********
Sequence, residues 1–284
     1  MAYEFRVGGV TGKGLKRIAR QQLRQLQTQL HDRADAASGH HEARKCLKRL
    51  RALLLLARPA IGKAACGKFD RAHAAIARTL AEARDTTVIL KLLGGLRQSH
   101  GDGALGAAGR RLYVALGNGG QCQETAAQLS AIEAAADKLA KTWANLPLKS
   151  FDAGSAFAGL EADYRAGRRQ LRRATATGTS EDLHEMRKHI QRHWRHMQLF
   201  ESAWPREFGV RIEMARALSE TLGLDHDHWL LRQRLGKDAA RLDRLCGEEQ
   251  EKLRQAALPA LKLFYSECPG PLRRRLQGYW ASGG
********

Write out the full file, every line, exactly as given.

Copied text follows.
Sequence, residues 1–284
     1  MAYEFRVGGV TGKGLKRIAR QQLRQLQTQL HDRADAASGH HEARKCLKRL
    51  RALLLLARPA IGKAACGKFD RAHAAIARTL AEARDTTVIL KLLGGLRQSH
   101  GDGALGAAGR RLYVALGNGG QCQETAAQLS AIEAAADKLA KTWANLPLKS
   151  FDAGSAFAGL EADYRAGRRQ LRRATATGTS EDLHEMRKHI QRHWRHMQLF
   201  ESAWPREFGV RIEMARALSE TLGLDHDHWL LRQRLGKDAA RLDRLCGEEQ
   251  EKLRQAALPA LKLFYSECPG PLRRRLQGYW ASGG